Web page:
Quantive frequently performs business valuations for insurance agencies and valuations for insurance brokers. Our experience working across the spectrum – from captive to independent, and from wholesale to retail – helps assure you well get an accurate valuation for your company. We have experience with many of the unique aspects of the insurance industry – which helps us get to the heart of the valuation quicker and more accurately.
Critical Elements in Valuing an Insurance Agency
When we look at valuing an insurance agency, typically the most important thing that we look at is the agency earnings (often referred to as EBITDA). Consider value from a buyer’s perspective: the most important factor to the buyer is the ability to continue to collect a profit stream.
Quantive will also consider an agency’s revenue level when valuing an insurance agency. In certain scenarios insurance agencies are priced exclusively based on revenues – typically when another larger agency is going to “tuck in” the smaller agency. In these scenarios the sellers cost structure is relevant as the buyer is only purchasing accounts.
Beyond the economics above, factors considered in an insurance agency valuation include:
- Loss Ratios
- Carrier / underwriter access
- Nature of book (commercial / personal / health / life)
- Strength of employees
- Addressable market size
- Operational systems
Each situation is going to be different, of course. Our valuation assignments are always crafted to address the particular agency we are working with.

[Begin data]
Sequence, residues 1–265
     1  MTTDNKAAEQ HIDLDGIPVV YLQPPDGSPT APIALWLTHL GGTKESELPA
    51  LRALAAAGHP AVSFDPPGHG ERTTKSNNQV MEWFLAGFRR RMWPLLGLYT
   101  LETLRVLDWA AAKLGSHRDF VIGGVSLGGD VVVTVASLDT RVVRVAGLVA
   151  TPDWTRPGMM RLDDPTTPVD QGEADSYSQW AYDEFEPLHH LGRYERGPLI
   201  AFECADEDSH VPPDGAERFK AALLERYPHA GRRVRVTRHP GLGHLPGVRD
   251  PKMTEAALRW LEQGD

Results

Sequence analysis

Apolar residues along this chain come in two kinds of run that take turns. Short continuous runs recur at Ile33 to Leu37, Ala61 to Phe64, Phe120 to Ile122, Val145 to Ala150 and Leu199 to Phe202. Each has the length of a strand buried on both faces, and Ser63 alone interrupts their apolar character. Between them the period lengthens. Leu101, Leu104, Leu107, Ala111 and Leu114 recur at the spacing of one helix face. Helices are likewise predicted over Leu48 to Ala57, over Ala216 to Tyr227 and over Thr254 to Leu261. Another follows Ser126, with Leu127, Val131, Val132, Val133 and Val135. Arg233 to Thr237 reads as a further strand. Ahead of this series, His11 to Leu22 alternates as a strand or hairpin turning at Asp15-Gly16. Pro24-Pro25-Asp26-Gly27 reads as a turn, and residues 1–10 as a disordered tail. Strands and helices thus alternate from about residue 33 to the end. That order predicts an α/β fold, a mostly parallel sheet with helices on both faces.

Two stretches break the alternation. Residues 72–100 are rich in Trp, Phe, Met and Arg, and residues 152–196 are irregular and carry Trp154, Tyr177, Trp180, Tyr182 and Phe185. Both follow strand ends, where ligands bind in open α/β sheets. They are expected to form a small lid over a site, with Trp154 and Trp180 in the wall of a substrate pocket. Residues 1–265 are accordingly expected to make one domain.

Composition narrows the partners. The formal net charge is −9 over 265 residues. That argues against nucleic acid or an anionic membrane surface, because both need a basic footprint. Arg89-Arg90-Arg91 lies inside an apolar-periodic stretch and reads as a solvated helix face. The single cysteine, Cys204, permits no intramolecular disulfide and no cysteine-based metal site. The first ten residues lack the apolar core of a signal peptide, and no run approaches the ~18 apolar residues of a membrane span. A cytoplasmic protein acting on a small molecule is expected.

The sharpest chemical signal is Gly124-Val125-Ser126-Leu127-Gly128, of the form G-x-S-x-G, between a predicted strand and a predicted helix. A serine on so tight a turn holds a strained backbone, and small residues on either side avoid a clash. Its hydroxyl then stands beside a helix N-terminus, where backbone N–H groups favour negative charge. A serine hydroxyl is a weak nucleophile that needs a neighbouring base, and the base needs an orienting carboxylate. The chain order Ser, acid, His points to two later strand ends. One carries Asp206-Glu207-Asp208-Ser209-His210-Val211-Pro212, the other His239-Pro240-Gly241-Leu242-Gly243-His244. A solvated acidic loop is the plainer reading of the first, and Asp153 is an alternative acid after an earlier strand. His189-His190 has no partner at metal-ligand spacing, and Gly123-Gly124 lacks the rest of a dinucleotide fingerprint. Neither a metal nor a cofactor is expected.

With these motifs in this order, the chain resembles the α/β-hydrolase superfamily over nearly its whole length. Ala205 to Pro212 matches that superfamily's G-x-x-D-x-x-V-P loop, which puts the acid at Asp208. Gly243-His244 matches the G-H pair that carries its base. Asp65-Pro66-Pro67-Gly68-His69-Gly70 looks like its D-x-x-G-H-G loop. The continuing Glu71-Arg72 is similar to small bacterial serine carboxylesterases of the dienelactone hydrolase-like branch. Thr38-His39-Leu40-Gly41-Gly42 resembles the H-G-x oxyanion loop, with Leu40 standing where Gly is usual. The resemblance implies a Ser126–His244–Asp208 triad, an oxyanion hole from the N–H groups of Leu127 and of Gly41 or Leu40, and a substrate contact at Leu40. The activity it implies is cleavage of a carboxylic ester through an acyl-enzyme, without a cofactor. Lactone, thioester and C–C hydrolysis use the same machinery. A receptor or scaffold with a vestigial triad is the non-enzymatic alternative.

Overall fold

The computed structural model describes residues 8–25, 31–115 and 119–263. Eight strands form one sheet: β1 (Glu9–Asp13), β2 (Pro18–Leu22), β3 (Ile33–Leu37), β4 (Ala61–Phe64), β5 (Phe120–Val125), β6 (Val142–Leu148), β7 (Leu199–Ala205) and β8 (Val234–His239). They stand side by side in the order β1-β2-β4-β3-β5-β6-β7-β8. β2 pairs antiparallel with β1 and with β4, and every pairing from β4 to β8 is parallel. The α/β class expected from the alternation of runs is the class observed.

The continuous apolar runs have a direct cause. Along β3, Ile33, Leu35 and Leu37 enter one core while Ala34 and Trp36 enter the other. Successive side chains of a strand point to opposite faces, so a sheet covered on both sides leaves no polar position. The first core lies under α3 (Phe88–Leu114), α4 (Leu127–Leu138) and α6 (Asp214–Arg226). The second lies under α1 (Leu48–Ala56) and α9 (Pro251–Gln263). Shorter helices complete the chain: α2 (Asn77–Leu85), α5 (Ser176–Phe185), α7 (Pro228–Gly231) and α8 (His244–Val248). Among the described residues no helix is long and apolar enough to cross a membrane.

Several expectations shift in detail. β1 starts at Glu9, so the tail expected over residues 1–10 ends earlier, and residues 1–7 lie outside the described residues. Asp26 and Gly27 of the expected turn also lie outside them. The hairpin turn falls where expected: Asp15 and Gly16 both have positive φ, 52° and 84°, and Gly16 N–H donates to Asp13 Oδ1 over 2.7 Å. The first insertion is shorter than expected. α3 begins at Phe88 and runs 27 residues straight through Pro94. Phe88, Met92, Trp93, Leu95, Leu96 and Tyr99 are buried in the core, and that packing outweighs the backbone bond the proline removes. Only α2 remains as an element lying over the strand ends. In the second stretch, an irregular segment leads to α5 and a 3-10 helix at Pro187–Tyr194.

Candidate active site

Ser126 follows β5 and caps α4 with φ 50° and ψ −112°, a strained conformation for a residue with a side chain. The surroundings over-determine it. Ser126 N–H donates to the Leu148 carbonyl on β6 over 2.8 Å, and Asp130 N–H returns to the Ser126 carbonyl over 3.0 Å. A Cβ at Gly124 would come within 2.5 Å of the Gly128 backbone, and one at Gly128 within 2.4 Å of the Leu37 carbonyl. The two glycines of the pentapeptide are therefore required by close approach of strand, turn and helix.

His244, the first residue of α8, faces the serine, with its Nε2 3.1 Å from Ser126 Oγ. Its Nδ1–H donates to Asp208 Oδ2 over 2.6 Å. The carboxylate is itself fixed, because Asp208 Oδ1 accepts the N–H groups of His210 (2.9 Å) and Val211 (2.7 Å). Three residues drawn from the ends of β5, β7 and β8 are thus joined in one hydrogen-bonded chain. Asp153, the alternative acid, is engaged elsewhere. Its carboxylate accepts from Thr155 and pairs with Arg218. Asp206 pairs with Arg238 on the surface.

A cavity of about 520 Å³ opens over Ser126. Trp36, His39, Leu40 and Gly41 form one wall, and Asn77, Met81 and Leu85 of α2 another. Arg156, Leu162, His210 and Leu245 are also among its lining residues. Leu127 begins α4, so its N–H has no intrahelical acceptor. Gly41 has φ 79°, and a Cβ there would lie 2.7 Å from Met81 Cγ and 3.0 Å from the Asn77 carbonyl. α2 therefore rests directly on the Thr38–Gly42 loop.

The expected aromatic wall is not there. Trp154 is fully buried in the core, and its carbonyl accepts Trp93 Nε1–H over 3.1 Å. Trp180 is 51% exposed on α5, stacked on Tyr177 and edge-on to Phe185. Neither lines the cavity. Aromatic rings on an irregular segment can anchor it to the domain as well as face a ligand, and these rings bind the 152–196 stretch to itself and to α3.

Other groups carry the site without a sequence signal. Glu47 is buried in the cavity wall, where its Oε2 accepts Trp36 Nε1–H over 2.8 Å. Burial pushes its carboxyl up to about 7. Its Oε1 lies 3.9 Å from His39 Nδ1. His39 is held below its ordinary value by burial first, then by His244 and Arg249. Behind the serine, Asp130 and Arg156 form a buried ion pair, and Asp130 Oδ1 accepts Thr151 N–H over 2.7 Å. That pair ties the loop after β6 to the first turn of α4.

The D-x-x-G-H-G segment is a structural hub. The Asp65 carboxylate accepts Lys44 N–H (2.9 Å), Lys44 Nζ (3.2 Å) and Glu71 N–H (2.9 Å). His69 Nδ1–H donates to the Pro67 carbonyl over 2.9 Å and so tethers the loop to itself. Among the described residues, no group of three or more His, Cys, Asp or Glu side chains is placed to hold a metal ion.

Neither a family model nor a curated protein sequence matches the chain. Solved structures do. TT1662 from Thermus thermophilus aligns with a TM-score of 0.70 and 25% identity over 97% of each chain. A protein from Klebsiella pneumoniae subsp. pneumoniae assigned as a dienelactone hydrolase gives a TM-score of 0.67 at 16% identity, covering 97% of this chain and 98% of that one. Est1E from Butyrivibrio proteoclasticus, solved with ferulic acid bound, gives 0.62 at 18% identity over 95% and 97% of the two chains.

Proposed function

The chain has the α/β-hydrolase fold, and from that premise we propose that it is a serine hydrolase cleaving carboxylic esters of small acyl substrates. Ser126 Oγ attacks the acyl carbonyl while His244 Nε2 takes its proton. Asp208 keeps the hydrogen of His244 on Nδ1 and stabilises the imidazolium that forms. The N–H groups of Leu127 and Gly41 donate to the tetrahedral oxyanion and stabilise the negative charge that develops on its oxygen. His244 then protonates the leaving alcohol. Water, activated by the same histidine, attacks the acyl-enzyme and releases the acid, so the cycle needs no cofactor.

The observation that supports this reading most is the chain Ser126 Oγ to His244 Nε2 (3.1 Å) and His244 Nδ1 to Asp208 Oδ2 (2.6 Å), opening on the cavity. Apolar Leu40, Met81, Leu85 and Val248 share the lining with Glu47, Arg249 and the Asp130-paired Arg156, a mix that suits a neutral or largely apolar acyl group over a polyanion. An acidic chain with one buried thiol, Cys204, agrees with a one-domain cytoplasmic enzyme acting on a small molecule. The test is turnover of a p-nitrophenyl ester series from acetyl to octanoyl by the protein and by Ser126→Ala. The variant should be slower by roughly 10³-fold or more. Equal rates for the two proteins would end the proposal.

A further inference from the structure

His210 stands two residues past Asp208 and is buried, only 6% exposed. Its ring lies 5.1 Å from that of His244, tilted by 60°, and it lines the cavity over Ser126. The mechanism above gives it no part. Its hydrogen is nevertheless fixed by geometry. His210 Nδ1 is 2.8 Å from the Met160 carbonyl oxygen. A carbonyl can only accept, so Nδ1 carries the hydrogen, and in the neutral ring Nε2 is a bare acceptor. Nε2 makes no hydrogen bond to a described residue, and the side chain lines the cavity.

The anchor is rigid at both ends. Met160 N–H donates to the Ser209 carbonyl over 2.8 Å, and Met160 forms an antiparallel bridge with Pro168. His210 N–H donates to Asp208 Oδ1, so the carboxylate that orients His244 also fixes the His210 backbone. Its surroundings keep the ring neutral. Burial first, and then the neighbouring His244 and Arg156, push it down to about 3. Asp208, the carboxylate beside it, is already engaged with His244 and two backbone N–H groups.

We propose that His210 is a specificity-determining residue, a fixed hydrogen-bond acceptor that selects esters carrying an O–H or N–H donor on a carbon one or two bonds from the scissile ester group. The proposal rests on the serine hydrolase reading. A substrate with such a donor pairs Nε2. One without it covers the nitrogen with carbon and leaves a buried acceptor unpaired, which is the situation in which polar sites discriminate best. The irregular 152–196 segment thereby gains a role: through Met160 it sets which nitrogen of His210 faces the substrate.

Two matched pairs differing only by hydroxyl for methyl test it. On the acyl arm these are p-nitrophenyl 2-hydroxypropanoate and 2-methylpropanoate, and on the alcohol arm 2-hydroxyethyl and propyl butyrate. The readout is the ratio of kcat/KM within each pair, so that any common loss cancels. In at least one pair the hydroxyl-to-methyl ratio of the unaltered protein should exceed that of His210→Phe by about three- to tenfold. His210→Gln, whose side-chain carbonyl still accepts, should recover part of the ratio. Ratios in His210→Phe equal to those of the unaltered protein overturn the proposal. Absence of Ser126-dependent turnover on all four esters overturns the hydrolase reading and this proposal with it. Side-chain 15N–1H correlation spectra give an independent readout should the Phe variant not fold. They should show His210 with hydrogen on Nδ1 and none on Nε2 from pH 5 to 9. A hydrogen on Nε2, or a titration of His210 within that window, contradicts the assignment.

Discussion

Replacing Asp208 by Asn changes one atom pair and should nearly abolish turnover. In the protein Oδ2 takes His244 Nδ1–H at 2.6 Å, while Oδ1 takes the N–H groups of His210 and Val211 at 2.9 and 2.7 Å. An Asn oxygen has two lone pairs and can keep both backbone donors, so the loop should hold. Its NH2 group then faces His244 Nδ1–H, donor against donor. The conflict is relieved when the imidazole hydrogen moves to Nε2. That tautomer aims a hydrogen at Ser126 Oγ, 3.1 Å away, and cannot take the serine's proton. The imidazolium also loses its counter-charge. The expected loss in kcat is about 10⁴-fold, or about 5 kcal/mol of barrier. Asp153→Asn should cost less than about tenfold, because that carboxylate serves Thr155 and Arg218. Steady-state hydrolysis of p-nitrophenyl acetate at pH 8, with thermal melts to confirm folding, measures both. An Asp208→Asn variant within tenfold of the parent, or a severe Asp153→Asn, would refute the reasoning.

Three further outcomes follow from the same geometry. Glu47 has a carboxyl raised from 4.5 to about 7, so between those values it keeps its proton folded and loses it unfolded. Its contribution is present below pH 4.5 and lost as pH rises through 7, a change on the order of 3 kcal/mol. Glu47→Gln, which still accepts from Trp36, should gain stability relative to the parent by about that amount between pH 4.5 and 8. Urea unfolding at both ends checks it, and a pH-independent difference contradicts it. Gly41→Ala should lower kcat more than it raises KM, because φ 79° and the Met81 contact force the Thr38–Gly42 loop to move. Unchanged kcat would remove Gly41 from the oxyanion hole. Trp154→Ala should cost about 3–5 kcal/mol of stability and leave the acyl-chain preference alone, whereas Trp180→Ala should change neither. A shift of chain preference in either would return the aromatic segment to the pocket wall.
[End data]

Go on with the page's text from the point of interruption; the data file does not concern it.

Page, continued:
We Routinely Work With Insurance Agencies
Quantive works with all variety of insurance and financial services companies, to include:
- Independent Agencies
- Wholesale Brokers and MGA’s
- Excess Lines
- Commercial and Retail P&C
- Benefits Agencies
- Personal Auto
- Surety / Bonding Agencies
Areas We Focus
The insurance industry is definitely unique. As such there are a number of items that our professional analysts will likely be looking at when we work on performing a business valuation for your agency.
- What sort of loss ratio has the company historically had in the book of business?
- If captive, what restrictions on transferability?
- What’s is the retention rate in the book? How does it vary by product line and class?
- What is your commission schedule? How much of revenue is incentive income?
- Do you have any sub-agents? Are their non-competes with your producers? How much revenue is tied to each producer?
- Describe your carrier relationships. Any chance of changes or getting dropped by any?
About the Insurance Industry
The insurance industry is characterized by a distribution model, where risk-bearing underwriters (carriers or companies) generally write policies using a series of agents or brokers as intermediaries. In 2011 the industry recorded $1.1 TRILLION in net premiums – 58% life and health, and 42% P&C. There were over 6,000 insurance companies during the year, and carrier revenues account for over 2% of U.S. GDP.
While the industry is clearly large, there are a number of issues that continue to impact insurance business valuations. One clear area is the as-yet unknown impact of the “Obamacare” policies on the industry. Negative factors here certainly have the potential to weight down industry valuations.
On the other hand – hard vs. soft market issues can likewise influence valuations for insurance businesses.